The risks of targeted advertising

Targeted ads for ride-hailing companies is a risky proposition. For one thing, the experience of many taxi companies tells us that their passengers hate in-car advertising. Also, using personal data for targeted ads is controversial now that people have started to understand the relevant privacy issues.

On the other hand, these companies also recognize that Apple’s new privacy settings – which make it much harder to collect data from phones and use it for advertising – may work in their favor and open new opportunities. Google’s third-party cookie bans might have a similar impact, as this makes it harder for other parties besides Apple and Google to target you with ads.

Advertisers have been interested in targeted ads for years – partly on the assumption that consumers would welcome advertising as long as it’s relevant to them. But this seems not to always be the case. On Facebook, for example, people often mainly wonder why some ads are targeted specifically to them. Others find it creepy when they see an ad related to something they just posted.

On the other hand, I recently talked with IBM’s data services guy, who tried to convince me that he loves targeted ads because (as an Englishman) he only wants to get football and rugby-related ads. Even so, it was hard to tell if he was really speaking as a consumer or as an IBM data services guy.

What do consumers really want?

Could it be that the advertising model is really becoming more important again? We can say that data analytics and ad creation have come a long way, so it could make it possible to create some more innovative advertising models too.

At the same time, many experiences with online advertising demonstrate that it is still a volume business – targeting alone doesn’t make it much better. Besides, targeting can also be logistically complex, especially real personalization or even micro-targeting. These are rarely profitable, so it’s better to look for large volumes with some main-segment ads.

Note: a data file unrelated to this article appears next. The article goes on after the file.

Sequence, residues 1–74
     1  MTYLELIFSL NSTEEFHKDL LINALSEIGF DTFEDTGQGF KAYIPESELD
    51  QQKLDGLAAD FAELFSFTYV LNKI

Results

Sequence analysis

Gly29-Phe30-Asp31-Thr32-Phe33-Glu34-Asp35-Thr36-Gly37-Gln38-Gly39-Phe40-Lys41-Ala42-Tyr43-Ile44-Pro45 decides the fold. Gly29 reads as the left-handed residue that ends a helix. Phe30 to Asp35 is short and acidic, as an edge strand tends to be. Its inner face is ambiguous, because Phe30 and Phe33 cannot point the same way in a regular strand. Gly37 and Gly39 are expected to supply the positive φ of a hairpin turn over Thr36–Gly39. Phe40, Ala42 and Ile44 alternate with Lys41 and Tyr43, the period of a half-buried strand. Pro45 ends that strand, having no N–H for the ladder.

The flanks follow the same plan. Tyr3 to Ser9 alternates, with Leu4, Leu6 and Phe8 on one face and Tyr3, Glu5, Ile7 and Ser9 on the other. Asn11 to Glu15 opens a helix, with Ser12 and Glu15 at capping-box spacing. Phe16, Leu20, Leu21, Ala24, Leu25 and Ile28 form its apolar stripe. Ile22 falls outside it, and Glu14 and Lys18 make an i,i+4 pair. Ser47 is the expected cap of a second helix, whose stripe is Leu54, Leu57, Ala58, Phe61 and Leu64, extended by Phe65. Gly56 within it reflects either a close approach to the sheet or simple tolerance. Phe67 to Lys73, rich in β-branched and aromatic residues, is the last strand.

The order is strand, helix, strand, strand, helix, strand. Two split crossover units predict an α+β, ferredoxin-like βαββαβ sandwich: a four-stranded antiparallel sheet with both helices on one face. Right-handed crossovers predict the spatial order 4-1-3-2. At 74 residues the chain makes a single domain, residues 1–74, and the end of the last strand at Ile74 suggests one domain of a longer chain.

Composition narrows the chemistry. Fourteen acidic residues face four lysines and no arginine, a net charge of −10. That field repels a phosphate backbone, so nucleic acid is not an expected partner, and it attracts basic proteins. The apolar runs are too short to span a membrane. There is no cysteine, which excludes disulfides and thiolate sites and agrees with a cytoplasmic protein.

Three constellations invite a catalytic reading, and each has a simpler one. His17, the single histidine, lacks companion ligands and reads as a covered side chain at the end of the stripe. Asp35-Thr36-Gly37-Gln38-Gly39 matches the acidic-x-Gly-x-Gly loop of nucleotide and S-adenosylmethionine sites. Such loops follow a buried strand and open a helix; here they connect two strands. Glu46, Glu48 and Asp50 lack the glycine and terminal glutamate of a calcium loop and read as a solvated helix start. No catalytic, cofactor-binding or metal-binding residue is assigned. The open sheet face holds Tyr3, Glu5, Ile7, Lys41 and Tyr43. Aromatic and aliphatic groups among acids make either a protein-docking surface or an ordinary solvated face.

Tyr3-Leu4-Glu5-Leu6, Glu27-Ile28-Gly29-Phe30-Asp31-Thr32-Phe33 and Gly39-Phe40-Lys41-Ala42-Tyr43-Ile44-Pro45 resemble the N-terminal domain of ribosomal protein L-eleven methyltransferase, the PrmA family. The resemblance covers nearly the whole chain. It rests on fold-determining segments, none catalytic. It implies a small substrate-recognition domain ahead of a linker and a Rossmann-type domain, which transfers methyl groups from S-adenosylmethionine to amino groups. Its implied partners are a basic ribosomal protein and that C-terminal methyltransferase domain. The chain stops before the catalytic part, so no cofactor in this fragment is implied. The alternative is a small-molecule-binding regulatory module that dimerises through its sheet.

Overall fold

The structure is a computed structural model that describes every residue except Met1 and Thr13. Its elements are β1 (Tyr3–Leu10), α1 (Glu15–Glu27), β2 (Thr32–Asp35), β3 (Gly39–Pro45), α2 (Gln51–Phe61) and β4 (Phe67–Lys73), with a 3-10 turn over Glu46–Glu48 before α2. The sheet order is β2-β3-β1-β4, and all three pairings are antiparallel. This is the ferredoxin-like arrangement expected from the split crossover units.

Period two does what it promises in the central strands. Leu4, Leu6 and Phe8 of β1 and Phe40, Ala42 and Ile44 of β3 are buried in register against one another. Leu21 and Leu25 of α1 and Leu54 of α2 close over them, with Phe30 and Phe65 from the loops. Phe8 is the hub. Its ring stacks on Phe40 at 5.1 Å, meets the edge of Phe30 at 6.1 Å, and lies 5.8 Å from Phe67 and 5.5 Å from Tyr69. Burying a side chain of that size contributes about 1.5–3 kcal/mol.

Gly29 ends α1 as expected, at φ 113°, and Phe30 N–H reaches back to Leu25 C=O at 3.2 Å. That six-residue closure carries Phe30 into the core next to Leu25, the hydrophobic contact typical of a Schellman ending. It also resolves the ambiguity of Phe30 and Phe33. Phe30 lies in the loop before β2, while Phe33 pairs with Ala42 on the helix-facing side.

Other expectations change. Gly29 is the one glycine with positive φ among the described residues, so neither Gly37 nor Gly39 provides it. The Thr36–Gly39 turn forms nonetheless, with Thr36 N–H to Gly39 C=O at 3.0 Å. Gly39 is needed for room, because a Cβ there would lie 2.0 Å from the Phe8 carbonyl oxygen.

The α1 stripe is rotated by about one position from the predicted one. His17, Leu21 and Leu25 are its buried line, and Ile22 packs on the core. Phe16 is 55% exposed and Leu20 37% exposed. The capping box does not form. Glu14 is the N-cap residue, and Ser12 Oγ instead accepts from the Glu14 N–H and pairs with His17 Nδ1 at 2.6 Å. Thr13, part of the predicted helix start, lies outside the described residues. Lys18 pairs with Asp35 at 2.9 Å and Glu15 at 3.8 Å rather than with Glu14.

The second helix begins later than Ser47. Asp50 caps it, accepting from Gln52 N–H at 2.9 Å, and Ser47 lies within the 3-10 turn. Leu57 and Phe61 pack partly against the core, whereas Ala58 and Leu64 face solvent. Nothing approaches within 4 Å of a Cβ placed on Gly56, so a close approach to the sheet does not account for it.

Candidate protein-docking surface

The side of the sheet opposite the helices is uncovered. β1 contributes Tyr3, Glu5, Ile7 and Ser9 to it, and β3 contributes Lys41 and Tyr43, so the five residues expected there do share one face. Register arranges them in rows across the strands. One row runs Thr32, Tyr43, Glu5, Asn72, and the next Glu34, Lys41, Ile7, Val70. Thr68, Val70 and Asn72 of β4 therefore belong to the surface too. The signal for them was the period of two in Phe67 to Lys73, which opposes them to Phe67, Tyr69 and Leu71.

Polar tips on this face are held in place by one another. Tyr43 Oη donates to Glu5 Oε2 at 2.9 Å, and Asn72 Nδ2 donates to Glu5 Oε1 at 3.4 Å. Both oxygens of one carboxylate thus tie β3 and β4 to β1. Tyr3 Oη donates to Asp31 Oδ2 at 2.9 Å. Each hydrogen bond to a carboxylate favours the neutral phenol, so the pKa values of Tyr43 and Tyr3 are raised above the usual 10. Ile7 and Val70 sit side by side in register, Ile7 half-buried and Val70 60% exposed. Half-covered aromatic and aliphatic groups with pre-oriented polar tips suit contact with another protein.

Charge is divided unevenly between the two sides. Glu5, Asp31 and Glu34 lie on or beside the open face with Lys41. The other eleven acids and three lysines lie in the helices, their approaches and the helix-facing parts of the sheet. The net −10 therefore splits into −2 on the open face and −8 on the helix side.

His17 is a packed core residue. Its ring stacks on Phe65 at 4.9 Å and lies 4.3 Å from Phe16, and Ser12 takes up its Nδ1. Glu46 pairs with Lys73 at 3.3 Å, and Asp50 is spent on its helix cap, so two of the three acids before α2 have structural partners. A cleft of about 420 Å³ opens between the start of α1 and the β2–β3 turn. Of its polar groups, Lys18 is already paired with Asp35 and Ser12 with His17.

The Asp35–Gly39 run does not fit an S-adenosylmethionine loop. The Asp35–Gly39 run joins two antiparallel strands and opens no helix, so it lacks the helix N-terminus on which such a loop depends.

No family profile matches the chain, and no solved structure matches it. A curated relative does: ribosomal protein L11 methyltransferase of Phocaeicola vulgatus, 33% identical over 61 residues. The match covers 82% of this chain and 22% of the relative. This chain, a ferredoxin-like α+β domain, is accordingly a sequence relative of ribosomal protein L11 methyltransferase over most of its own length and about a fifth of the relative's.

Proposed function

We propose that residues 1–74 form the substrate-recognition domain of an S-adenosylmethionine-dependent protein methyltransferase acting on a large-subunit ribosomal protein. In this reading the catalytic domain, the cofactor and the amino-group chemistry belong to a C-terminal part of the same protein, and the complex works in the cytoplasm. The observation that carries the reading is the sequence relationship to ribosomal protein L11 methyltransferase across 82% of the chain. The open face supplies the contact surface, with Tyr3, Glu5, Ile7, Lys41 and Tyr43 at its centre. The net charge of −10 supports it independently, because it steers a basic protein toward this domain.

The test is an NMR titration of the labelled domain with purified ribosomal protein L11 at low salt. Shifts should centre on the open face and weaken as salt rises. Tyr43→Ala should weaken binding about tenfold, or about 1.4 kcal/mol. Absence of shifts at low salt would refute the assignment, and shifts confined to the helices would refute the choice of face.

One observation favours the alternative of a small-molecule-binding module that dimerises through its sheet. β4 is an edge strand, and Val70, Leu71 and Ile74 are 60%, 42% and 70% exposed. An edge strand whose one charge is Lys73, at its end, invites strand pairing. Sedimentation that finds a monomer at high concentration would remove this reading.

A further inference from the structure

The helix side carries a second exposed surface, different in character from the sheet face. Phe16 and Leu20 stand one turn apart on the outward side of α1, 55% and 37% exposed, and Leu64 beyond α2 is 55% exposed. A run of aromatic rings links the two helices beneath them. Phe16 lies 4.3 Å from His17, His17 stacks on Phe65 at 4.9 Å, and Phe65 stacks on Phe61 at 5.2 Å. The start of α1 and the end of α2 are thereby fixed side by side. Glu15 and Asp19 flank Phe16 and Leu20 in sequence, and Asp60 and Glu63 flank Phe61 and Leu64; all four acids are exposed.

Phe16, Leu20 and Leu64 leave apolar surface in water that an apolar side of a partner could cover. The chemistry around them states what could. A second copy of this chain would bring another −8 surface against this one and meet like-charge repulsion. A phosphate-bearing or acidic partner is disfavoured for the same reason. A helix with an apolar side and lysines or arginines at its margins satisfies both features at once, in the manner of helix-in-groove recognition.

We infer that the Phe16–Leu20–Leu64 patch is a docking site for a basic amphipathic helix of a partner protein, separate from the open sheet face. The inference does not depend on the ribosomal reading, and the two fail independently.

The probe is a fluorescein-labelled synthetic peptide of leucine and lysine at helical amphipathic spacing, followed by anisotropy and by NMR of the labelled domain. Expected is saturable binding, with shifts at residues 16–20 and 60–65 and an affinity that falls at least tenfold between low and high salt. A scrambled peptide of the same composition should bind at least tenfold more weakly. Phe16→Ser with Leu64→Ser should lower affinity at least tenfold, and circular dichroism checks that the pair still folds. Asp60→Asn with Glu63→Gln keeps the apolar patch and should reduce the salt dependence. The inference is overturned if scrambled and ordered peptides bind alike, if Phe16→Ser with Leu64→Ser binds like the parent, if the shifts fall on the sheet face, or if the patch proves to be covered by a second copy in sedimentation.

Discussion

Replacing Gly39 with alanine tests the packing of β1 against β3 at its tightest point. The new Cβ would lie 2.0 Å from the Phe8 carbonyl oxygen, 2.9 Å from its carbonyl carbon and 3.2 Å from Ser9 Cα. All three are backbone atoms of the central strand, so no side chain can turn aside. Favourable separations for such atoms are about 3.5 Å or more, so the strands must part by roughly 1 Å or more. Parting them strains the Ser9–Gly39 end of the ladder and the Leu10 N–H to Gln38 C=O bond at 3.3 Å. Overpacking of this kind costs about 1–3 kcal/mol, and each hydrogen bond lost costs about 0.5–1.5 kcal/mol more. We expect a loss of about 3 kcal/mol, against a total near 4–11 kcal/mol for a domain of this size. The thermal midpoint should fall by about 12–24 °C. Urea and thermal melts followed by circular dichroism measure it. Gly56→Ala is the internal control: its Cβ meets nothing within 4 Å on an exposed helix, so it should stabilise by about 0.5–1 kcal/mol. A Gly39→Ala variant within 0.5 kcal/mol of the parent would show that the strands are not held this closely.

A lot of this comes down to what consumers really want and what they’ll put up with. When people have tighter budgets, they are probably more tolerant of ads if that helps them to save money. But it is important to remember that it’s not only about better data analytics and targeting. Rather, it is also about creating good ads and being original. In the advertising business, it is always important to really influence people and even get people to love ads.

Meanwhile, consumers are also demanding better privacy, better control of their own data and even user-held data models. This is the demand that Apple is responding to in its privacy improvements.

Short term vs long term

There are probably some short-term opportunities for new players to offer targeted ads. But it’s still hard to see if a longer-term strategy would pay off. When people start seeing ads based on their taxi trips, food orders, and content-watching history, many may start looking for ways to do those things privately.

People do love excellent advertising (see: the Super Bowl sports broadcast in the US, where ads are actually part of the entertainment). And most people also want to learn about new products.

Still, if they start to feel that some boring promotion is being pushed on them based on their very personal data when they just want to get a ride somewhere and sit in a taxi in peace, it will backfire. There are opportunities for good new ad solutions, but there are also a lot of opportunities for services where people can keep their own data private.